Either disable the tls-auth option in your server config. The config line will look like

tls-auth /var/etc/openvpn/server2.tls-auth 0

or

Enable the correct tls-auth configuration in your client. Remember that you also need to share the correct key.

Posted by Uli Köhler in Networking, OpenVPN, VPN

How to stop vpnc IPSec VPNs and close the tunnel interface

Problem:

You have started a VPN connection using vpnc, e.g.

$ sudo vpnc my-vpn.conf
VPNC started in background (pid: 21763)...

but you can’t find any information on how to stop vpnc i.e. terminating the VPN connection.

Solution:

Preferred method: Use vpnc-disconnect

Run

sudo vpnc-disconnect

This will, for example, print

Terminating vpnc daemon (pid: 21763)

vpnc-disconnect is the official method of stopping vpnc and will terminate the vpnc instance whose PID is written in /var/run/vpnc.pid. In other words, it will not work properly if you have multiple vpnc instances running at the same time, or if you have specified an alternate PID file for vpnc (e.g. using vpnc --pid-file /var/run/my-vpnc.pid my-vpn.conf).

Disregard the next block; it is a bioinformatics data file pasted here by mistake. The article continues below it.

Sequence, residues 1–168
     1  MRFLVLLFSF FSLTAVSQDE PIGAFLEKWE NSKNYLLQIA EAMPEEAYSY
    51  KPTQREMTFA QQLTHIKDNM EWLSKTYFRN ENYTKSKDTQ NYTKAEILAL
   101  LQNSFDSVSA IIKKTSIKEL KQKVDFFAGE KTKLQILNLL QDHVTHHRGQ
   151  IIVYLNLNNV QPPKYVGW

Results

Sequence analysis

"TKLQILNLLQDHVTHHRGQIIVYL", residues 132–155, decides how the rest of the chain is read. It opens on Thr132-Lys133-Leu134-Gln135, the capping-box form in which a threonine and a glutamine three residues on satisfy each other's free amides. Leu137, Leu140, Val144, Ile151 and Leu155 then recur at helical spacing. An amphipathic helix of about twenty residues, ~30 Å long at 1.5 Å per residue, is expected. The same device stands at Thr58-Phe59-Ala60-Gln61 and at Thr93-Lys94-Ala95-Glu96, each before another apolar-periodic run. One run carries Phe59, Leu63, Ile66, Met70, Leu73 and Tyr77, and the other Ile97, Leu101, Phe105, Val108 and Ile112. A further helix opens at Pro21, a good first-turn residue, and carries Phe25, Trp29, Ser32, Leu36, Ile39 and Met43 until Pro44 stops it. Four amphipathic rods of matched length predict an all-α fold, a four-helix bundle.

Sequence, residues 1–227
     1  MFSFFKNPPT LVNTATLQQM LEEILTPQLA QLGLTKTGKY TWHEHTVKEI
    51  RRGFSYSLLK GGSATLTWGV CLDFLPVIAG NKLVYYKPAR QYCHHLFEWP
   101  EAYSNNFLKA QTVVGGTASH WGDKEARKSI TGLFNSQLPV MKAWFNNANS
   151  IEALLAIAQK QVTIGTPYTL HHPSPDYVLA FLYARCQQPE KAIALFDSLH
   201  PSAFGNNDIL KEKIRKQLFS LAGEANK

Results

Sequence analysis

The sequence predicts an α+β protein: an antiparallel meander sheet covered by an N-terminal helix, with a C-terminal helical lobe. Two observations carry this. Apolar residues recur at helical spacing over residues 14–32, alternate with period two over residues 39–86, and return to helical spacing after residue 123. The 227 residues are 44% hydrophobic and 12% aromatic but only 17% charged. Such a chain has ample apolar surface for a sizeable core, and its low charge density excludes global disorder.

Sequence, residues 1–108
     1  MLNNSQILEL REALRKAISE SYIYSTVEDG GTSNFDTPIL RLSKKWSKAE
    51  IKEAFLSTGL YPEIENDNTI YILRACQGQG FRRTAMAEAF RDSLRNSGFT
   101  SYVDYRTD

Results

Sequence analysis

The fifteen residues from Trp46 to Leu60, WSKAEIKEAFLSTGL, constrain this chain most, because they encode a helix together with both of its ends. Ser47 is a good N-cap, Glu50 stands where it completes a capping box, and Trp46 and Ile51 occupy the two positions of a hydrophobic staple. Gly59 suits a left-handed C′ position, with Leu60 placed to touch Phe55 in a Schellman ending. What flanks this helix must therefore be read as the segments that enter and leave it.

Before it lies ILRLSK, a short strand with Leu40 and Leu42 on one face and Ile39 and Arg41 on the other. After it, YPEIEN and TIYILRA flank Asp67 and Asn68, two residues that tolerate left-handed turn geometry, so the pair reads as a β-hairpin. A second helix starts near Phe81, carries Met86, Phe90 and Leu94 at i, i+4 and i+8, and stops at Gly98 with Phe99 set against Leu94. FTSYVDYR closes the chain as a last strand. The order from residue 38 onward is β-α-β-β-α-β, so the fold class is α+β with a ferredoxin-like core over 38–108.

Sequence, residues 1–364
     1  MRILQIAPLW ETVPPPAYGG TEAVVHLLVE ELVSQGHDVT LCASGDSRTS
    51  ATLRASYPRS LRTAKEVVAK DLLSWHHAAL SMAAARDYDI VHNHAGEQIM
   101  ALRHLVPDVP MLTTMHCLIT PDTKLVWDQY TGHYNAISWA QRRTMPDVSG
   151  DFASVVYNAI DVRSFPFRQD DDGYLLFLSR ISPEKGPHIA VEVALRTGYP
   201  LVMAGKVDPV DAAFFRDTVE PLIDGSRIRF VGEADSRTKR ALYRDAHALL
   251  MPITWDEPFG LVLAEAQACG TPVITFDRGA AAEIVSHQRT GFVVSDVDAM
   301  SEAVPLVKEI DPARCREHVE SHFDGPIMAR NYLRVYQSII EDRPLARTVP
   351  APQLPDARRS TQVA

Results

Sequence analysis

Alternate method 1: Stop all vpnc instances on the current machine

You can kill all vpnc instances on the current machine using

sudo killall vpnc

however this will stop all vpnc instances on the current machine. In case you have multiple vpnc VPN instances active concurrently, this means all of them will be terminated.

Alternate method 2: Kill a specific vpnc (if you know it’s PID)

vpnc tells you its process ID when starting it. In our example above:

VPNC started in background (pid: 21763)...

the PID is 21763 so we can kill the process using

sudo kill 21763

This will cleanly stop vpnc and remove the tunnel interface.

Alternate method 3: Kill a specific vpnc (if you don’t know it’s PID)

Show all running vpnc instances using

pgrep -a vpnc

This will show you, for example,

21763 vpnc my-vpn.conf
30792 vpnc other-vpn.conf

In that list, find the line with the vpnc instance you want to kill (you can identify it by the config file name, e.g. my-vpn.conf – in this example, it would be the first line).

The number at the beginning of the line is the PID of that vpnc process. Copy it and run

sudo kill [PID]

e.g.

sudo kill 21763

just like in Alternate method 2. This will only stop that specific vpnc instance and leave all others running.

Posted by Uli Köhler in Networking